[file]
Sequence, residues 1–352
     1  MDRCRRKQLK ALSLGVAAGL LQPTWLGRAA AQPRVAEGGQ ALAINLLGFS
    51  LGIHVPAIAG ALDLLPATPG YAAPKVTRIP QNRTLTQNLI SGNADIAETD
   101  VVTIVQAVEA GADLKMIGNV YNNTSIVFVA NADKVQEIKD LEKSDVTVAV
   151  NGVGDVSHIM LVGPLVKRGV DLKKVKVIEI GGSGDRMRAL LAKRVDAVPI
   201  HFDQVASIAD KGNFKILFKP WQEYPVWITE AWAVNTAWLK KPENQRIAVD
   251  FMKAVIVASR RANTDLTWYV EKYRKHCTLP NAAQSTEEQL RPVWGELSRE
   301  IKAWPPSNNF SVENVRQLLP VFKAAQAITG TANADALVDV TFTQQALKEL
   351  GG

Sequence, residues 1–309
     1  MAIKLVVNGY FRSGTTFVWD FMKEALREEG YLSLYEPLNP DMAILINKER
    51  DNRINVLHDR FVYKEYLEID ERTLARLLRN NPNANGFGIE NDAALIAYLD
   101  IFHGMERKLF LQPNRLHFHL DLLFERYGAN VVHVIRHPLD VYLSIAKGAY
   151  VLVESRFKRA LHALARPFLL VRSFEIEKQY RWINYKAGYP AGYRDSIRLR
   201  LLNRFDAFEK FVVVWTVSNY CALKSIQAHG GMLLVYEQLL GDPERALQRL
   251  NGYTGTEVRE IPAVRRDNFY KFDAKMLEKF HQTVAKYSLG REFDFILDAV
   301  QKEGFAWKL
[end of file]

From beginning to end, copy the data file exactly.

Sequence, residues 1–352
     1  MDRCRRKQLK ALSLGVAAGL LQPTWLGRAA AQPRVAEGGQ ALAINLLGFS
    51  LGIHVPAIAG ALDLLPATPG YAAPKVTRIP QNRTLTQNLI SGNADIAETD
   101  VVTIVQAVEA GADLKMIGNV YNNTSIVFVA NADKVQEIKD LEKSDVTVAV
   151  NGVGDVSHIM LVGPLVKRGV DLKKVKVIEI GGSGDRMRAL LAKRVDAVPI
   201  HFDQVASIAD KGNFKILFKP WQEYPVWITE AWAVNTAWLK KPENQRIAVD
   251  FMKAVIVASR RANTDLTWYV EKYRKHCTLP NAAQSTEEQL RPVWGELSRE
   301  IKAWPPSNNF SVENVRQLLP VFKAAQAITG TANADALVDV TFTQQALKEL
   351  GG

Sequence, residues 1–309
     1  MAIKLVVNGY FRSGTTFVWD FMKEALREEG YLSLYEPLNP DMAILINKER
    51  DNRINVLHDR FVYKEYLEID ERTLARLLRN NPNANGFGIE NDAALIAYLD
   101  IFHGMERKLF LQPNRLHFHL DLLFERYGAN VVHVIRHPLD VYLSIAKGAY
   151  VLVESRFKRA LHALARPFLL VRSFEIEKQY RWINYKAGYP AGYRDSIRLR
   201  LLNRFDAFEK FVVVWTVSNY CALKSIQAHG GMLLVYEQLL GDPERALQRL
   251  NGYTGTEVRE IPAVRRDNFY KFDAKMLEKF HQTVAKYSLG REFDFILDAV
   301  QKEGFAWKL